SHINE: Observational Tests of CME Initiation Models

Observational Tests of CME Initiation Models

SHINE 2000 Working Group 1

J. Klimchuk
2000 November 1

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Working Group 1 (Coronal Mass Ejections), led by Jim Klimchuk and Joe Gurman, addressed three main questions during the SHINE 2000 meeting in Lake Tahoe:

  1. What is the observational evidence for multiple classes of CMEs?

  2. What are the fundamental physical differences among the various CME initiation models that have been proposed?

  3. What are the key observations that can discriminate among the models?

Progress was made on all of these questions, especially the last (see below), but in the end it was clear that much more work needs to be done before definitive answers are available. This "work in progress" status is reflected in the three challenges that we set for ourselves for the coming year:

  1. Determine observationally whether there are two distinct classes of CMEs, as possibly suggested by acceleration profiles.

  2. Better define and quantify the observational predictions of the models.

  3. Devise and execute focussed observational studies to test the models.
A separate challenge was issued by Ron Turner, who announced an "All Clear Competition." To emphasize the importance of accurate forecasts of geomagnetically calm conditions, Ron will award a prize to the person who can correctly forecast the most clear days over the period of the competition. Might sound easy: since most days are clear, why not predict that every day will be storm free? The catch is that any storm occurring on a day forecast to be clear means immediate disqualification from the competition! Interested competitors should contact Ron.

1. The models

A variety of models for CME initiation have been proposed, and they can be classified in several different ways based on their physical attributes (e.g., Forbes 2000; Klimchuk 2000). The table below presents one such classification that was developed at the SHINE 2000 Workshop. It identifies five distinct types of CME initiation model:

  1. Breakout ( Antiochos 1998; Antiochos, DeVore, and Klimchuk 1999)

  2. Flux Rope ( Forbes and Isenberg 1991; Amari et al. 2000; Wu et al. 2000)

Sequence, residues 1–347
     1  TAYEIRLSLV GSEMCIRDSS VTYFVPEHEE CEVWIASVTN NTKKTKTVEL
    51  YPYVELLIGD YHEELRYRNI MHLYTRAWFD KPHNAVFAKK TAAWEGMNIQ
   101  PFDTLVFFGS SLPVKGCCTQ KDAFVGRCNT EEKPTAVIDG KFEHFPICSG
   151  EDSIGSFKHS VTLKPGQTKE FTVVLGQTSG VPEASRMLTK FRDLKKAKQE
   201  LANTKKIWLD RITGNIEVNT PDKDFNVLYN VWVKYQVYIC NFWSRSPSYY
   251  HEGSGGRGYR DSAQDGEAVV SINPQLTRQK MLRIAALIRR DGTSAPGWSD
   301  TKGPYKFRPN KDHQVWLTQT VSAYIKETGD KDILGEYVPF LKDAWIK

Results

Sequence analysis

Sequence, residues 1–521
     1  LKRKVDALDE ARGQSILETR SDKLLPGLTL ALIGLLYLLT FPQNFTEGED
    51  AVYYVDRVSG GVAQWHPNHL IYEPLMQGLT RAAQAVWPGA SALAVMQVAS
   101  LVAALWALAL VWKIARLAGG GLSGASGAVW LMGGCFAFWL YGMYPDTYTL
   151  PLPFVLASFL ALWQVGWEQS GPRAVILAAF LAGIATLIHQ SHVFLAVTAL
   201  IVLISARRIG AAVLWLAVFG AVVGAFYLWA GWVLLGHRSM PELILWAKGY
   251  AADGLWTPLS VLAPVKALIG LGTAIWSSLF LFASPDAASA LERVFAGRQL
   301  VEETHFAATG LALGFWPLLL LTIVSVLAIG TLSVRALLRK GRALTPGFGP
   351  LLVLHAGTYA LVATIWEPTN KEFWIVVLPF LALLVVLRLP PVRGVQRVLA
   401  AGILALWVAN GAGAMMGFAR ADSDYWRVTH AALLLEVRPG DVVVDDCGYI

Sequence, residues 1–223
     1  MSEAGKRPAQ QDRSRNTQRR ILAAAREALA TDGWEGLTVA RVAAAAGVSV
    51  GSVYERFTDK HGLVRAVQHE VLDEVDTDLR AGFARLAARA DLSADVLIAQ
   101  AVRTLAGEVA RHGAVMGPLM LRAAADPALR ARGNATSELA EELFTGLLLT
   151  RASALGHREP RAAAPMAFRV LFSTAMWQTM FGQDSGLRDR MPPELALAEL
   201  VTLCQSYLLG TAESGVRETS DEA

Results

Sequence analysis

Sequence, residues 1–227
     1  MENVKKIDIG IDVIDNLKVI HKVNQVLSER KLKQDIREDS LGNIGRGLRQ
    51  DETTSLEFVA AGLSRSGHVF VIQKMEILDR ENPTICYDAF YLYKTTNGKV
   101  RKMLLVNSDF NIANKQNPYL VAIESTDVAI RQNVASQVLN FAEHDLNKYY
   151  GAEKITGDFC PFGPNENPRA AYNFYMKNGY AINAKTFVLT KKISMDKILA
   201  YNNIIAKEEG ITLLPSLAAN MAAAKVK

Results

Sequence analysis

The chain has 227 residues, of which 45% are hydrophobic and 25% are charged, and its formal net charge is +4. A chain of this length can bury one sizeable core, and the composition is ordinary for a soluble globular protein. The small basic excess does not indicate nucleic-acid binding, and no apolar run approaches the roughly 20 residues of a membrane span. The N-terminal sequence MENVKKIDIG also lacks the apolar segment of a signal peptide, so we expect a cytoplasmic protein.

3. Tether Cutting ( Sturrock et al. 1984; Moore et al. 2001)

  4. Flux Injection ( Chen 1989; Krall, Chen, and Santoro 2000)

  5. Mass Loading ( Wolfson and Saran 1998; Low 1999).
Only representative papers are cited. Additional references can be found in the Forbes and Klimchuk reviews.

2. The observables

The table also lists a number of observables that can be used to test the models:

  1. Is a multipolar magnetic field required, or is a simple bipolar field sufficient?

  2. Does the pre-eruption configuration necessarily contain a flux rope?

  3. Must the field be appreciably sheared near the neutral line?

  4. Must there be a converging flow toward the neutral line in the period leading up to the eruption?

  5. Is reconnection required, and if so, does it occur before or after the onset of the eruption? (This refers to vigorous reconnection with strong heating.)

  6. Does the reconnection take place above or below the sheared core field/flux rope/prominence?

  7. Are there requirements on the existence and/or distribution of mass?

Y in the table signifies "yes," and NR signifies "not required." Readers should consult the original references for a detailed interpretation of the table entries.

3. The matrix

Model Multi-polar Flux Rope Sheared NL Converg. Flow Recon. Timing Recon. Location Mass Distrib.
Breakout YNRYNRat/beforeaboveNR
Flux Rope NRYYY1after1belowNR
Tether Cutting NRNRYNRat/beforebelowNR
Mass Loading NRNRNRNRNRNRcavity

1 Forbes and Isenberg (1991)

2 Amari et al. (2000)

4. References

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Last revised - J.B. Gurman